Convallaria majalis L.

Lily of the Valley

Convallaria majalis plant

Family - Liliaceae

Habit - Rhizomatous perennial forb, lacking odor of onion or garlic.

Stems - Aerial stems 10-20 cm long, unbranched, arched, with 2-3 bladeless sheaths below the foliage leaves, glabrous.

Leaves - 2-3 per node, oblong to elliptic, entire, 10-20 cm long, 4 cm broad, glabrous.

Convallaria majalis leafLeaf.

Inflorescence - Terminal raceme to 7cm long, with 4-16 flowers. Pedicels to 1 cm long, glabrous, with scarious bracts at base, these up to 8 mm long.

Convallaria majalis inflorescenceInflorescence.

Flowers - Pendent, with stalks 10-18 mm long, none replaced by bulblets. Perianth 6-9 mm long, bell-shaped, white, glabrous, the sepals and petals fused into a tube nearly to the tips, the 6 short lobes spreading to recurved. Stamens 6, fused to the base of the perianth tube. Anthers pale yellow, to 2 mm long, tapering to point at apex. Filaments short, 1.5 mm long, pinkish-purple at base. Ovary glabrous, superior, 3-locular, each with 1-3 ovules. Style 1, 2.2 mm long, the stigma shallowly 3-lobed.

Convallaria majalis flowersFlowers.

Fruit - Globose, red, fleshy, 8-10 mm in diameter.

Flowering - April - May.

Habitat - Old homesteads and cemeteries; cultivated and rarely escaping.

Origin - Native to Europe and possibly the Appalachians.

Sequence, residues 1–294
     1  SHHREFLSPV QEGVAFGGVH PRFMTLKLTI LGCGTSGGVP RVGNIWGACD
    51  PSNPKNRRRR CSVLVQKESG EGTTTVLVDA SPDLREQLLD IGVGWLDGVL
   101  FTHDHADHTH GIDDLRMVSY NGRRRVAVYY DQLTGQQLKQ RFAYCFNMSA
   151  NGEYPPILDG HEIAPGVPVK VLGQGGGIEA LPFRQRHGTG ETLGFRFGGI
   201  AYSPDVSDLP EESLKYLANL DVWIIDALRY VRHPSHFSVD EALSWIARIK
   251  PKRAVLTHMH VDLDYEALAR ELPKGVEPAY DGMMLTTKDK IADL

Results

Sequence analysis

Lookalikes - None.

Other info. - This species has been found in a few scattered counties in Missouri, usually persisting from prior cultivation. It can form large colonies under favorable conditions but is generally not considered a problem species in our area. It is somewhat more common in states to our north and east. The plant is easily recognized by its inflorescences of small white bells, which are sweetly fragrant.

C. majalis has seen extensive use in traditional medicine, being used to treat a long litany of afflictions including heart failure, cardiac arrhythmias, urinary tract infections, kidney stones, weak contractions in labor, epilepsy, edema, strokes and resulting paralysis, conjunctivitis, and leprosy. A flower and root tea was used to treat fevers, as a diuretic, sedative, and emetic. A root ointment was used to treat burns to prevent scarring. Clinical evidence of efficaciousness for any of these indications is lacking. The plant contains cardiac glycosides and is usually considered toxic.

Photographs taken in Lochapoka, AL., 4-16-05 (DETenaglia); also in Fremont, Newaygo County, MI, 5-21-2013 (SRTurner).


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